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Gay is defined as a man having affectionate feelings for another man, or a woman having affectionate feelings for another woman. In the past, society has discriminated against people who fall under the sexual orientation of gay, and there has a been a dangerous climate against gay people. Since this dangerous climate exists, gay people , whom have fear of various ways of persecution, aren’t privy to the same rights as heterosexual couples. Some of these rights included: PDA(public displays of affection), refusal into the army, and marriage.
The latter is the central part of the argument of equal rights of all people, regardless of sexual orientation or any factors. Gay marriage should be legal.
Same-sex marriage is a civil right. The NAACP (National Association for the Advancement of Colored People), on May 21, 2012, named same-sex marriage as ‘one of the key civil rights struggles of our time.’ In 1967 the US Supreme Court unanimously confirmed in Loving v.
Virginia that marriage is ‘one of the basic civil rights of man.’ The White House website lists same-sex marriage amongst a selection of civil rights, along with freedom from employment discrimination, equal pay for women, and fair sentencing for minority criminals.
The fifth amendment, which states, due process, eminent domain, no double jeopardy, right to remain silent (you can’t be forced to testify against yourself) and the right to be tried by a grand jury for a capital offense, and the fourteenth amendment states, citizens as people born in the US and prohibits the states from denying due process and equal protection under the law.
The article also states how the value of the debt must always be paid and honored, and cannot be questioned, these amendments protect the rights of lgbt people as well. Although the Fourteenth Amendment, was changed drastically by the end of the civil war, the intentions for establishing it was for equality sake . Congress wrote it as a general guarantee of equality, and the courts have interpreted the Equal Protection Clause to prohibit discrimination on the basis of gender, religion and disability.While there are many amendments that stand for equal rights that were written with the purpose of equality between two groups of people , and the lgbt community wasn’t necessarily thought about .
There are examples of cases in which the laws were changed to benefit heterosexual couples and only them.In 1965,Griswold v. Connecticut’s ruling changed laws forever. This ruling involved prohibiting married couples from obtaining contraceptives and the basis of the ruling and its decision was based on privacy of the individual. In 1967, Loving v. Virginia decriminalized interracial marriage. This shows at this point in time the supreme court was concerned with race than the sexual orientation of said people. Then 1972 Eisenstadt v. Baird decision recognized unmarried persons’ right to contraceptives. And in 1973, Roe v. Wade recognized women’s right to reproductive choice. All of these Supreme Court decisions show that decisions about intimate relationships are indeed intimate and should be left up to the individuals.Freedom of speech and factors of that nature are protected under the First Amendment.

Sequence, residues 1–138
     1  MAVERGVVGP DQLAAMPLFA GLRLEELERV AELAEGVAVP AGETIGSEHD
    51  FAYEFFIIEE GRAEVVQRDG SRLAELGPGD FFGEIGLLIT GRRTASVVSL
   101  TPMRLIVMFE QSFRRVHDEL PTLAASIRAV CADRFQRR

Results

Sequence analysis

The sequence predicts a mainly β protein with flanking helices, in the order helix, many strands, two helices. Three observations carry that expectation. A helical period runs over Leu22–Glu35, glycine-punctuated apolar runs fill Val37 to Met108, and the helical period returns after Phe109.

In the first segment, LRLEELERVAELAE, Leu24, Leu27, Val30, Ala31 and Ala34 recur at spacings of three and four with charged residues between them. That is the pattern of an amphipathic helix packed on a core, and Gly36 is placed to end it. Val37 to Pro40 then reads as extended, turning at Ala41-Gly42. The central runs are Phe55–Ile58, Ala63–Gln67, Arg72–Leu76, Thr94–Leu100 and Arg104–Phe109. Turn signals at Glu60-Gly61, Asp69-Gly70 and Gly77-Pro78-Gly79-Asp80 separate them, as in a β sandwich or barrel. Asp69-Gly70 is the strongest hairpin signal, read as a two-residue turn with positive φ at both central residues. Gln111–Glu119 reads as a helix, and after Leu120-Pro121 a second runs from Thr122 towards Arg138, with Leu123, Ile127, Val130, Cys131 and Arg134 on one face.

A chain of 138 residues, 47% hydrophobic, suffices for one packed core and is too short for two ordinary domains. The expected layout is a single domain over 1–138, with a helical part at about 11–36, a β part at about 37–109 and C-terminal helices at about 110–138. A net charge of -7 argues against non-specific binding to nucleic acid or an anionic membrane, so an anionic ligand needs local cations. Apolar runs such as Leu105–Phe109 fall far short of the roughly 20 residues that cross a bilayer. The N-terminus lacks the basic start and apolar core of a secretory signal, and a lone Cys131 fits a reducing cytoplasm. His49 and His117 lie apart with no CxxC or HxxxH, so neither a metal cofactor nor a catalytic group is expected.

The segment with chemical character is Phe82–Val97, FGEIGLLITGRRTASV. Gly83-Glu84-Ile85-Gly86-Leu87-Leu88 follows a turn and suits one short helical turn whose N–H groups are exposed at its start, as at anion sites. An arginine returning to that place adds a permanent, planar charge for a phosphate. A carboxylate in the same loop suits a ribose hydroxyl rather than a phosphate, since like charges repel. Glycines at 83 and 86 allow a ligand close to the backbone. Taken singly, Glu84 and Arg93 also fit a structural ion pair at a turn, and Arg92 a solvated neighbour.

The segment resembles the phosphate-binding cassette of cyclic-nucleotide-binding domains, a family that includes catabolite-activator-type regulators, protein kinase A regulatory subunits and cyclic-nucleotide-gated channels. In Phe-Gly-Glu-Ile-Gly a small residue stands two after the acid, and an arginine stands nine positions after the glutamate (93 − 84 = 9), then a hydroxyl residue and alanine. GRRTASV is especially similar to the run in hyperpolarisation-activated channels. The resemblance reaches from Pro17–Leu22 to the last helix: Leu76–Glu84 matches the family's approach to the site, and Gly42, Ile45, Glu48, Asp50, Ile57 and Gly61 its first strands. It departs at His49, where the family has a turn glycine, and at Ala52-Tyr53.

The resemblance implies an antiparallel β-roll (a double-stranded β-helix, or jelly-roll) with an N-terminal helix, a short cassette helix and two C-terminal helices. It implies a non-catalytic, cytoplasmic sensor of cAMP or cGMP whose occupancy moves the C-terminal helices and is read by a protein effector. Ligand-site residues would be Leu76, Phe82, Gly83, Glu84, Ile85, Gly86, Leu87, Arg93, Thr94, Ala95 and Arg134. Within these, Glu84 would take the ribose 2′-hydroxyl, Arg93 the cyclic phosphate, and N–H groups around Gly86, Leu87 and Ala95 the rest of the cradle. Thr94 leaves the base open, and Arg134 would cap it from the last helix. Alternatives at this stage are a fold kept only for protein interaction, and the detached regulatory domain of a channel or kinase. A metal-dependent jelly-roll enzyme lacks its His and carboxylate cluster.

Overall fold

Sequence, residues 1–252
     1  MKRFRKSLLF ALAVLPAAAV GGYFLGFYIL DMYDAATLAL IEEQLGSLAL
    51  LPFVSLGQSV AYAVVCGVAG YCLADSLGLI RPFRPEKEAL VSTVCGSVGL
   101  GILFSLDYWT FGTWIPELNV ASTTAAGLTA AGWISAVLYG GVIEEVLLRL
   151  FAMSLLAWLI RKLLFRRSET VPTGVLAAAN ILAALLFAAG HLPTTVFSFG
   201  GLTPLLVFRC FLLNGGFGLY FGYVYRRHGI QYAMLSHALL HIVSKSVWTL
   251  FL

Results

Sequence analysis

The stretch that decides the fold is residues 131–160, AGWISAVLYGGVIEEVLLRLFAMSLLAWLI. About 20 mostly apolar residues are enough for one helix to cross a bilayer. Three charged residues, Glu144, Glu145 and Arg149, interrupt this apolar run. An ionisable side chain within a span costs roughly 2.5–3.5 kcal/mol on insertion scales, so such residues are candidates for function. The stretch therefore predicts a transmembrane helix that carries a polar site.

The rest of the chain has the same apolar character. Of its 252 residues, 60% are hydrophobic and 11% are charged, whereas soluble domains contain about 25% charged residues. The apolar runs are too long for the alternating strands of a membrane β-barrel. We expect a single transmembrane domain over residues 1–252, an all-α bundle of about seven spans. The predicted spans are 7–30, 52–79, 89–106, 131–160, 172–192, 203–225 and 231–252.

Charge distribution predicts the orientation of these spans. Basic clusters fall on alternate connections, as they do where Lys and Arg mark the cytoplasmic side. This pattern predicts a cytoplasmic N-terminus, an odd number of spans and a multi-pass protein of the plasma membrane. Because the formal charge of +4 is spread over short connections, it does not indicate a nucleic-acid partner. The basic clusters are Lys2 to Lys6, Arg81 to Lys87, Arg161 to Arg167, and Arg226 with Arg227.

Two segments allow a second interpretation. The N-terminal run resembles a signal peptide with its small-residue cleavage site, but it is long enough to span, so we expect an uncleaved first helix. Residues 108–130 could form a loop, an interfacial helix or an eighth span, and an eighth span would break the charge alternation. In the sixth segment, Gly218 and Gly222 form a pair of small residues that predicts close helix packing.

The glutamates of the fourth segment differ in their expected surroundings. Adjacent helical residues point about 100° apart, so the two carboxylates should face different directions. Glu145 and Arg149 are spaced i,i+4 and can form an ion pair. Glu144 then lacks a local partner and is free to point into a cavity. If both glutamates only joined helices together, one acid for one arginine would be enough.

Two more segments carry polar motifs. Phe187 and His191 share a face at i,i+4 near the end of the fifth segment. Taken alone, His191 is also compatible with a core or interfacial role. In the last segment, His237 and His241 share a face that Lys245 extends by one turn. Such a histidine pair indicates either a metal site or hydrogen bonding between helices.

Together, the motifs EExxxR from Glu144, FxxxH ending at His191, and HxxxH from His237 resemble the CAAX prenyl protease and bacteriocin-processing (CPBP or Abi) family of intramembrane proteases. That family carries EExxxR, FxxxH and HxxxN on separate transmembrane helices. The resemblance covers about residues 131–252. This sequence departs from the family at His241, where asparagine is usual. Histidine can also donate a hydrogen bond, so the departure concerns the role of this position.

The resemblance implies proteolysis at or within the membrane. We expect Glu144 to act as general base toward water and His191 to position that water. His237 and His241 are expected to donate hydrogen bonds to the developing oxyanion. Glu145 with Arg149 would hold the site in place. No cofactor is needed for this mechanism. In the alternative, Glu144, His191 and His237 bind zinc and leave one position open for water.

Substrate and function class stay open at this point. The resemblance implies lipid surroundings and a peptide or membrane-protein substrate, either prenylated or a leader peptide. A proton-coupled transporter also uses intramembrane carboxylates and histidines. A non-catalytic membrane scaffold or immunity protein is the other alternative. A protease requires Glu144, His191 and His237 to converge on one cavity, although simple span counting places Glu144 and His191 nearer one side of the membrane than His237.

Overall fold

This Amendment protects the right to organize and urge government to end discrimination, to recognize lesbian and gay relationships, and to adopt laws prohibiting discrimination in the private sector.This basically allows person to express all liberties they feel is apart of their identity without having fear of discrimination or persecution and produce art with gay themes and to speak out publicly about LGBT issues.Marriage is an internationally recognized human right for all people. Since the 1800’s , the US Supreme Court has declared 14 times,” that marriage is a fundamental right for all”, according to the American Foundation for Equal Rights. “ Article 16 of the Universal Declaration of Human Rights guarantees ‘men and women of full age, without any limitation due to race, nationality or religion, the right to marry and to found a family.” They are entitled to equal rights as to marriage, during marriage and at its conclusion. Non-discrimination on grounds of sexual orientation has therefore become an internationally recognized principle.
Over the past decade, the nation has made unprecedented progress toward LGBT equality. But to date, neither the federal government nor most states have explicit statutory nondiscrimination laws protecting people on the basis of sexual orientation and gender identity. LGBT people still face widespread discrimination.”Between 11 percent and 28 percent of LGBT workers report losing a promotion simply because of their sexual orientation, and 27 percent of transgender workers report being fired, not hired, or denied a promotion in the past year. Discrimination also routinely affects LGBT people beyond the workplace, sometimes costing them their homes, access to education, and even the ability to engage in public life.Data from a nationally representative survey of LGBT people conducted by CAP shows that 25.2 percent of LGBT respondents has experienced discrimination because of their sexual orientation or gender identity in the past year.